In addition to my media notes, I’ll be swinging by Wednesday afternoons to write a weekly column dealing with How We Think About Sports (or something), entitled “The Obstructed View.” Think of it as an unfortunate tariff; and feel free to yell at me on Twitter about it (@Hadfield__) or email me at 

The transitory sphere of sports commentary entertainment is alarming; probably because, alarmists are running the show.

This last weekend, for instance, saw miracles and epiphanies of the Other Kind unfold. On Saturday, The Book on Ravens quarterback, Joe Flacco, 28, changed from him being “inconsistent and frustrating” to “big when it matters most” and “dangerous;” and the signal caller in Atlanta, Matt Ryan, 27, once designated as a “fine regular season quarterback,” was reborn into a “winner” Sunday.

“It’s all happening!!!” Kate Hudson and her fellow “Band-aids” bellowed on the television screen Sunday night during my 187th viewing of “Almost Famous.”

Yes, it was. (Except it wasn’t.)

The problem with the much-talked about column written by Dan Shaughnessy (which the attention gained, as much as he denies, was exactly how he drew it up), is that he leaves no room for growth. Players are typecast, and crazy ideas like “learning about your craft” fall by the wayside (or somewhere else). Thus every player, it seems, is JaMarcus Russell or Tom Brady (unless you’re Brett Favre, in which case RIDE THE WAVE). And I think we can all agree, speaking and writing in vague, highly circumstantial terms that can’t possibly be quantitative – like adjudicating whether or not an athlete is “clutch” or a “winner” – is just obtuse. These concepts have been specious from the outset of their existence. And, mind you, their sheer existence is due to selfish fandom, writers yearning page views, and radio hosts trying to fill air time.

I can’t figure out why, however, we enable this to keep happening time and time again. Maybe it’s because, these days, we want things like ChuckStrong – the moniker placed behind the Colts’ improbable run, purportedly credited to the inspirational story of head coach Chuck Pagano, who recovered from cancer this season – to matter; instead of Andrew Luck being really good at football.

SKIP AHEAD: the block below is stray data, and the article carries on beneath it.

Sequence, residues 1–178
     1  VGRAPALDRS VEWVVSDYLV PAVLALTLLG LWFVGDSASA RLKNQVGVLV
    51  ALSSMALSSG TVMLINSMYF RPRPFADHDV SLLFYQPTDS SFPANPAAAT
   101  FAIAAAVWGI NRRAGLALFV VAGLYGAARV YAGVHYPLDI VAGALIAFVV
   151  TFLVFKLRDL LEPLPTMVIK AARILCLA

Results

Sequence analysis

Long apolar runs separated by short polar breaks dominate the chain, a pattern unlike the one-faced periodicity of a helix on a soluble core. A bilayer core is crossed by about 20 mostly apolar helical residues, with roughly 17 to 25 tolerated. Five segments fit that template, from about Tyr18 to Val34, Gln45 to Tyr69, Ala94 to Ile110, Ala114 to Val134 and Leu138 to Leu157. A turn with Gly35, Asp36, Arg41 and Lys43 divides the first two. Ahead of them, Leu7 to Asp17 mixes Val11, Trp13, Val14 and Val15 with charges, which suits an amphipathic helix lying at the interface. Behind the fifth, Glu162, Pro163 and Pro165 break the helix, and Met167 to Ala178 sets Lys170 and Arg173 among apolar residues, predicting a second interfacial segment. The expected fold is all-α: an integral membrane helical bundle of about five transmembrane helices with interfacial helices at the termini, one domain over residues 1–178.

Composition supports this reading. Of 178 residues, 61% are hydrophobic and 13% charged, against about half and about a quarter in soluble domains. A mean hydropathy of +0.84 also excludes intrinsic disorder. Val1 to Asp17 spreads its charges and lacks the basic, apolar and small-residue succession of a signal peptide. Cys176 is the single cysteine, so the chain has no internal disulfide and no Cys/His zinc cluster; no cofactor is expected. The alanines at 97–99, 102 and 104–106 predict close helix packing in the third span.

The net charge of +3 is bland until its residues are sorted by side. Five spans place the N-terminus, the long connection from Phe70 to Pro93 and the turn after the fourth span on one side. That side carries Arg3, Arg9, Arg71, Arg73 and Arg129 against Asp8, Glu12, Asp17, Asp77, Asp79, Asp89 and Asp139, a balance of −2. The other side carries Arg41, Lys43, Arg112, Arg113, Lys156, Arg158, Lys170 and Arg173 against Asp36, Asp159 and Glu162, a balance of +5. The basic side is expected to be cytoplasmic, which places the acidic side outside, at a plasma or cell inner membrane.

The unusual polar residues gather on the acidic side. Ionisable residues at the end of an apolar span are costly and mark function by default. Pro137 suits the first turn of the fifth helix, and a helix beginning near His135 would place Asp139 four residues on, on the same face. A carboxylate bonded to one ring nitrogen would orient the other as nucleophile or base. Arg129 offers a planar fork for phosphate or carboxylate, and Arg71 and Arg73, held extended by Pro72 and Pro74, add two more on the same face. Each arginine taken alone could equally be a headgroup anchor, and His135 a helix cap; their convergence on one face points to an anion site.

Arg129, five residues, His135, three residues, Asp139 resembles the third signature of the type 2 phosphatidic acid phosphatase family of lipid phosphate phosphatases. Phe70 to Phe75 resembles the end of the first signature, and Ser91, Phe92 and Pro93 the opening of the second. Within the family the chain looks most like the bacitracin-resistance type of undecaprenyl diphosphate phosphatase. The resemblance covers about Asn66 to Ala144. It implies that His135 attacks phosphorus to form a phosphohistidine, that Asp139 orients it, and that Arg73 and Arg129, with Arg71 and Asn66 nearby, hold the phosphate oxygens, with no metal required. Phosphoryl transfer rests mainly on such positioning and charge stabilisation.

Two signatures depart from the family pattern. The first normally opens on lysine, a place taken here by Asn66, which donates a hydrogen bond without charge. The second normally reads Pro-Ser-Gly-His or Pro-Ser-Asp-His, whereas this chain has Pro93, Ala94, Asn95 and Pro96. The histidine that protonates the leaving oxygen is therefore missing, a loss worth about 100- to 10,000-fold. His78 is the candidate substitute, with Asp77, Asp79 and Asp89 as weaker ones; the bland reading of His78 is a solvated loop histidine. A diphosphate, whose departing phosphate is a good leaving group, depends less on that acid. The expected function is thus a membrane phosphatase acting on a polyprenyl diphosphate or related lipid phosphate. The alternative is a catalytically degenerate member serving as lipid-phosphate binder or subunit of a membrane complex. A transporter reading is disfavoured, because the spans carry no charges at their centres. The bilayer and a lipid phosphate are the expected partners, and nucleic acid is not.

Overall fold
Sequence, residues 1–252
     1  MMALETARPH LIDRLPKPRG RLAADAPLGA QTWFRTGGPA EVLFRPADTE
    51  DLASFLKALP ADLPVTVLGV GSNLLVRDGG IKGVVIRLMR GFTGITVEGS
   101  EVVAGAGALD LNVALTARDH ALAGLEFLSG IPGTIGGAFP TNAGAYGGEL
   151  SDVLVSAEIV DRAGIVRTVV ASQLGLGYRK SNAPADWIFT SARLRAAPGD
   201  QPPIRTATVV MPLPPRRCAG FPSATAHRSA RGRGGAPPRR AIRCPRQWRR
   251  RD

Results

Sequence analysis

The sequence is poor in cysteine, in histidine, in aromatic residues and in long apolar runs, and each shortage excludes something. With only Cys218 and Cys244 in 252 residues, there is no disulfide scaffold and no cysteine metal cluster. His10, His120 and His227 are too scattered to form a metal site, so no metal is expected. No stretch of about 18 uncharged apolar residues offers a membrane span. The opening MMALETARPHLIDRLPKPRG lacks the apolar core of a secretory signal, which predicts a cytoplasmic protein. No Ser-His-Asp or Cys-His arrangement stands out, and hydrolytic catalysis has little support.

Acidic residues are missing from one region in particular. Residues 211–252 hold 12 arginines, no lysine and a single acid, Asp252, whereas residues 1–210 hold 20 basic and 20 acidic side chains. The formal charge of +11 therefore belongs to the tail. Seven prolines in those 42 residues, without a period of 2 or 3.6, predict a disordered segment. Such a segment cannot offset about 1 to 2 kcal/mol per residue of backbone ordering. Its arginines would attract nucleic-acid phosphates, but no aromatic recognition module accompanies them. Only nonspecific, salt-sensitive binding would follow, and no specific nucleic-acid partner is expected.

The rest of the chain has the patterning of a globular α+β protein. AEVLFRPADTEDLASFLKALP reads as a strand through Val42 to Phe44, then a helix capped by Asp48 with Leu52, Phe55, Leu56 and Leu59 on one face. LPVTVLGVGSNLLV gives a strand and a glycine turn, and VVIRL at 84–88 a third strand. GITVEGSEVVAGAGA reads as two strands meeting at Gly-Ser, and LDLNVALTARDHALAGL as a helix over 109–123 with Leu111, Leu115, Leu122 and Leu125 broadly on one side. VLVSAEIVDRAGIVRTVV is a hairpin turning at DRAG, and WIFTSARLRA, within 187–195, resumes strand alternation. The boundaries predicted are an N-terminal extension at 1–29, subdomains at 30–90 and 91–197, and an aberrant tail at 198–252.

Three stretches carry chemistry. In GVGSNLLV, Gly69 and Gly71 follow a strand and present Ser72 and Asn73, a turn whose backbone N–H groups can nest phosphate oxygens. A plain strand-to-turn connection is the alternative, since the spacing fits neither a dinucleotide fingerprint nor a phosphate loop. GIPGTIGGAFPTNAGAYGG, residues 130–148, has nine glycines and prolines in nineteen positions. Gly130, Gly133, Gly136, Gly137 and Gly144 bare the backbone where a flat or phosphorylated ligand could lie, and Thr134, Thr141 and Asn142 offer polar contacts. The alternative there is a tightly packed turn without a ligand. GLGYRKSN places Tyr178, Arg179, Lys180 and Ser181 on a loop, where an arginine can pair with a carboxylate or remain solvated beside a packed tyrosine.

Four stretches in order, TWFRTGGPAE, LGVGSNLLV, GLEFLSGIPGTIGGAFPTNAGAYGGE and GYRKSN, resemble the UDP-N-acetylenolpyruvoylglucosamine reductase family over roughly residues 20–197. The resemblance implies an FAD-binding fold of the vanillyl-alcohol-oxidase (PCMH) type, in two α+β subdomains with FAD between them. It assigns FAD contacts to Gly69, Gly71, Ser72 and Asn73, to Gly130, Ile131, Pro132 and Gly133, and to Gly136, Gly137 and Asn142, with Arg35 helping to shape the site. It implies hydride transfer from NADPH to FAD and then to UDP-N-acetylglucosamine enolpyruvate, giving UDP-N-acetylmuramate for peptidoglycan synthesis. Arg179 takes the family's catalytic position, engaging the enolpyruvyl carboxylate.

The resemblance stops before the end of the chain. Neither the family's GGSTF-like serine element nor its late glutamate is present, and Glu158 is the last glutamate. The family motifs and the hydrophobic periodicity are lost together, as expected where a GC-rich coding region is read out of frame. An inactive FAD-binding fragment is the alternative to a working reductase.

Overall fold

Because sports has to take a bigger form – It All Has To Mean Something, or else we start asking more pressing questions like, “What the hell are we really doing here, man?”

So, in turn, we constantly hear and read emphatic declarations of whether athletes pass or fail subjective “eye tests” based on intuition. Perception gradually coalesces into reality; only those ruling on such matters are manufacturing this perception, instead of observing what actually exists, leading to one sad fallacy: You are who you are, until, of course, you aren’t.

I was fat, then, I lost weight, and now I’m skinny – today am I a different person?

Woah, I just blacked out. Somewhere, Lance Armstrong is nodding. Suffice to say, existentialism and sports shouldn’t mix.

Still, the Shaughnessy and Michael Felger’s of the world sly wink and feign ignorance to this truth (even though they totally get it. It is, after all, staring them right in the face). Shank wrote a book about a mythical curse, which later was broken. It seems like Felger exclusively talks in generalities. For example, like most, he killed LeBron James after Paul Pierce drained a 3-pointer in Miami to give the Celtics an “insurmountable” 3-2 series lead in the Eastern Conference Finals last year.